Carolyn Hax is away. The following first appeared Nov. 12, 2003.
Dear Carolyn: Why are all nice girls ugly and all the pretty girls not nice? (Though I suppose it's true of the guys, too, but personally I'm less interested in them.) Someone once explained to me that pretty girls get so much attention because of the way they look that they never needed to be friendly, while the ugly girls know the only way they'll get attention is to be charming. I hate buying into these kinds of generalities, but I must say, as a 20-something on the front lines of the dating war, there seems to be a certain truth in it.
Washington: So, being female, I’m either ugly on the inside or ugly on the outside.
Same to you, cowboy.
Your theory, at least, is both untrue and ugly throughout, and your disclaimer doesn’t impress me. Does attention come more easily to people who are born beautiful, and does that stunt their character growth? You could argue that. But if there’s a generalization to be made (and then insincerely lamented), maybe it’s that pretty women develop defenses against relentless attention from guys who judge them solely on looks. Gets sloppy, that there battlefield, doesn’t it?
If you want genuine kindness, then show genuine kindness, in venues where that has some value. Otherwise, don’t complain when you go out and get what you get.
Dear Carolyn: Three weeks into dating a guy, how do you know if he is after a relationship or just some bedroom fun?
D.C.: Oh, oh, I know this one! Decline to be a source of bedroom fun until you’re confident he wants a relationship. If that’s what you want from him.
Sound like your granny? Maybe. But only if your granny believed in making choices based on immutable human law instead of fungible social mores. If you want to be treated a certain way, which approach makes more sense: insisting on it and then backing that up with your actions, or putting it entirely in someone else’s hands and hoping fretfully for the best?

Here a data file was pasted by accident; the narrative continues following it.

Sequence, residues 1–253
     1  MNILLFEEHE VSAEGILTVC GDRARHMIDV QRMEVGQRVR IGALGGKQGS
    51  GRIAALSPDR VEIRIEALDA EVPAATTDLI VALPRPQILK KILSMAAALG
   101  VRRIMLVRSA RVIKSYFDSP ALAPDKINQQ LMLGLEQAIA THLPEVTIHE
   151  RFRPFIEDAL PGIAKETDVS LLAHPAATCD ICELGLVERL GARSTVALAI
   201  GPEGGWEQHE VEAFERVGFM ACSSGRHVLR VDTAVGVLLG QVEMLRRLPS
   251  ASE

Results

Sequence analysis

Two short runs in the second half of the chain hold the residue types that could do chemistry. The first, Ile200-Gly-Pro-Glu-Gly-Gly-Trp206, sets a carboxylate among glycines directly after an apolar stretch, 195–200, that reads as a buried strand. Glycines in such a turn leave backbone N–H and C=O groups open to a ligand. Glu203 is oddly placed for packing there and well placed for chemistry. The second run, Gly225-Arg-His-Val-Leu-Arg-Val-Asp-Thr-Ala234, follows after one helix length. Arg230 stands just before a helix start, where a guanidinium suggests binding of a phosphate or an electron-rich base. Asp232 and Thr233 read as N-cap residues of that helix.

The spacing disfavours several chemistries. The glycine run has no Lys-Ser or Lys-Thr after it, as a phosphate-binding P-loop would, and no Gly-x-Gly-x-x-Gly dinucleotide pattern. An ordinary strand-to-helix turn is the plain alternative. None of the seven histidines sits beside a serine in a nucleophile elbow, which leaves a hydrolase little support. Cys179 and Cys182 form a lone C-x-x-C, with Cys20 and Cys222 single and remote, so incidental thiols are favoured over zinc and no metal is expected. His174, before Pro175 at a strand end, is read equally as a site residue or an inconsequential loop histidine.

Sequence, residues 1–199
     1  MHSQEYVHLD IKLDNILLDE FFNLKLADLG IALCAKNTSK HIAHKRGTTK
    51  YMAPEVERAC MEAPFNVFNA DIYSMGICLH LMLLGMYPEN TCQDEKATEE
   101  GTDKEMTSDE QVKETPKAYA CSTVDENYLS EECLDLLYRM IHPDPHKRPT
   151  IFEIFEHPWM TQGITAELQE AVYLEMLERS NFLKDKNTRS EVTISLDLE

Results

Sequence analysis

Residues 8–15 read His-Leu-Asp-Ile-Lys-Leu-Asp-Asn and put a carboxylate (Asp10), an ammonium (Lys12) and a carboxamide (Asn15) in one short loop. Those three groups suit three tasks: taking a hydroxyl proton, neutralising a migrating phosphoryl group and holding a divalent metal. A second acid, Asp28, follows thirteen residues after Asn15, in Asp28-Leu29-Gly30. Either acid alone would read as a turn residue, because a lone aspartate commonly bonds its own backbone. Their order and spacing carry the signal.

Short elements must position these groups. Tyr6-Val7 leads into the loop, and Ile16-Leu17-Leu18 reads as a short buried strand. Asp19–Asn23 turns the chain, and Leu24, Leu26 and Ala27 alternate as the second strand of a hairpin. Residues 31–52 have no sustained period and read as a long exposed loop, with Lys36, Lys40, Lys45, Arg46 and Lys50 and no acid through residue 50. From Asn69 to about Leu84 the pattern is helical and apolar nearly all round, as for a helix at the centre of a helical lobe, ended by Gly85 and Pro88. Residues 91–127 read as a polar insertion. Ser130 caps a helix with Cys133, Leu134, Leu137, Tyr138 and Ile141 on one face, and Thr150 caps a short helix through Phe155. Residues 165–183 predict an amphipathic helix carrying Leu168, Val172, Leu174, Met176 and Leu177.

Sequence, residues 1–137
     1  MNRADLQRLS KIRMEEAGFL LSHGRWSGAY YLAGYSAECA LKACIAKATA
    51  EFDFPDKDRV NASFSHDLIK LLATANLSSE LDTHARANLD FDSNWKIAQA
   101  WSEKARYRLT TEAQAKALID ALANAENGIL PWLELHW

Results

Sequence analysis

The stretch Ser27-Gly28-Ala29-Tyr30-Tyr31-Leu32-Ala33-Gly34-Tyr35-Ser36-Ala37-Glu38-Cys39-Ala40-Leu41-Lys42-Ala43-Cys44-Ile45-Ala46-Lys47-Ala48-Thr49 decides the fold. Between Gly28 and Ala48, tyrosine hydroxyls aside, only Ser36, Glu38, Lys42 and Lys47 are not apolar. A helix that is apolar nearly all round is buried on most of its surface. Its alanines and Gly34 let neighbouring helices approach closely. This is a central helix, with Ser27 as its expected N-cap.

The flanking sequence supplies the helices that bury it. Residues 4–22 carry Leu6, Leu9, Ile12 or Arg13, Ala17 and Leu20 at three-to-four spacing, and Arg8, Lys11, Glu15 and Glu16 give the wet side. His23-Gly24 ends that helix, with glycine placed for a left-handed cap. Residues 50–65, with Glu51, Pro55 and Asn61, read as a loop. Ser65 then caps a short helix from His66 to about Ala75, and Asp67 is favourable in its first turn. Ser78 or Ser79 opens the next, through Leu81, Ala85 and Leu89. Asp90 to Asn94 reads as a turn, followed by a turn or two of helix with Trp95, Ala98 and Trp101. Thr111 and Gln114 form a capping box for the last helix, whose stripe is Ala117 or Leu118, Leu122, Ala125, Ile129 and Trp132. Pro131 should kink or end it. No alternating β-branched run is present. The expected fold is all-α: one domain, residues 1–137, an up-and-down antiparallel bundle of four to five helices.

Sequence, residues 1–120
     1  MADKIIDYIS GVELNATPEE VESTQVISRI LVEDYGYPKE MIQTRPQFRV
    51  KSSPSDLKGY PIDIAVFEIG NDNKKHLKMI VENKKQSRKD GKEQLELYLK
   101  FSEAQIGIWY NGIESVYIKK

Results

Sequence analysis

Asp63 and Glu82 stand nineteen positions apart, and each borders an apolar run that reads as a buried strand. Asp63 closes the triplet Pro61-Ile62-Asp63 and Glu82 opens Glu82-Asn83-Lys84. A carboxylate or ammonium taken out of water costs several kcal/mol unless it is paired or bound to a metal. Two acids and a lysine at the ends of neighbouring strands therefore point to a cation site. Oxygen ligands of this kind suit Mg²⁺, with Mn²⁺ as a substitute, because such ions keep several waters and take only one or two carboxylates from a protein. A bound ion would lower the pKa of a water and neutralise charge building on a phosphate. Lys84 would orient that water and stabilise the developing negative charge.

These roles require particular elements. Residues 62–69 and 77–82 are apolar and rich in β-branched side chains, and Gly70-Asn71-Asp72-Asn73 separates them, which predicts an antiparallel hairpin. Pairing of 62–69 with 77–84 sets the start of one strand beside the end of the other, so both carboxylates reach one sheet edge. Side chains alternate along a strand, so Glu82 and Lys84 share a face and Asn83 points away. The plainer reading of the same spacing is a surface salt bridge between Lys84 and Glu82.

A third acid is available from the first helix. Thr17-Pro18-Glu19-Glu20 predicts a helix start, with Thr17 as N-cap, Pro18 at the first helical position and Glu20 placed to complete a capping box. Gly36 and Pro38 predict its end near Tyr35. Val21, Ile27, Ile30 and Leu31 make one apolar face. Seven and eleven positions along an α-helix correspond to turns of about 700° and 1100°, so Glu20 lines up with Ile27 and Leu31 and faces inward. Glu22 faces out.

Dear Carolyn: How do you know if someone has "changed"? My boyfriend used to belong to a naked hippie co-op and now he's an "I [heart] globalization!" MBA student. I don't mean to generalize (there can be naked business jerks, too!), and it's not as pat as saying his politics are different, but there are other manifestations — less time and consideration to "old" friends and to me, less caring about issues he used to care about (feminism, environment, etc.). Should I be more open-minded? He doesn't think he's changed and says I should be more understanding.
— Bay Area, Calif.
Bay Area, Calif.: So, overboard liberal goes overboard stiff? I’d say he’s changed . . . not at all.
Our choices may define us, but that doesn’t mean you can know someone by parsing each little choice. Step back, and what do you see? I see a guy caught up in getting caught up. When the MBA fury fades, expect some other extreme will be next. NASCAR, perhaps, or the lead in a drag cabaret.
Look past the surface traits and prevailing breezes, see who he is at his core, and then ask if you’re really in love.